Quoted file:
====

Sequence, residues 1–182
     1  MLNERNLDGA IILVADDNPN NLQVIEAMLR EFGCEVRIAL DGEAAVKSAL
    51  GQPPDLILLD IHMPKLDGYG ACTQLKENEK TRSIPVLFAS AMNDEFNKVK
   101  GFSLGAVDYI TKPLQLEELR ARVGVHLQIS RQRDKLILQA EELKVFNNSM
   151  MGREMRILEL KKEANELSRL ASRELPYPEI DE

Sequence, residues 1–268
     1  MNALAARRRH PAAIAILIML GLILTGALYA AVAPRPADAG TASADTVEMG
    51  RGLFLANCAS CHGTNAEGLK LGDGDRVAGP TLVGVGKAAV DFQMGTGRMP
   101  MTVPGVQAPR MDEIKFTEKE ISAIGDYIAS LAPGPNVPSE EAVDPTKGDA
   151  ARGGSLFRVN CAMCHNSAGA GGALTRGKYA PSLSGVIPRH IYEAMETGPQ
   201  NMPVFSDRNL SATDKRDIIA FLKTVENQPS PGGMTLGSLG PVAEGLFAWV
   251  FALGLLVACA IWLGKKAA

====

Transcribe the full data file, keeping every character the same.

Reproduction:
Sequence, residues 1–182
     1  MLNERNLDGA IILVADDNPN NLQVIEAMLR EFGCEVRIAL DGEAAVKSAL
    51  GQPPDLILLD IHMPKLDGYG ACTQLKENEK TRSIPVLFAS AMNDEFNKVK
   101  GFSLGAVDYI TKPLQLEELR ARVGVHLQIS RQRDKLILQA EELKVFNNSM
   151  MGREMRILEL KKEANELSRL ASRELPYPEI DE

Sequence, residues 1–268
     1  MNALAARRRH PAAIAILIML GLILTGALYA AVAPRPADAG TASADTVEMG
    51  RGLFLANCAS CHGTNAEGLK LGDGDRVAGP TLVGVGKAAV DFQMGTGRMP
   101  MTVPGVQAPR MDEIKFTEKE ISAIGDYIAS LAPGPNVPSE EAVDPTKGDA
   151  ARGGSLFRVN CAMCHNSAGA GGALTRGKYA PSLSGVIPRH IYEAMETGPQ
   201  NMPVFSDRNL SATDKRDIIA FLKTVENQPS PGGMTLGSLG PVAEGLFAWV
   251  FALGLLVACA IWLGKKAA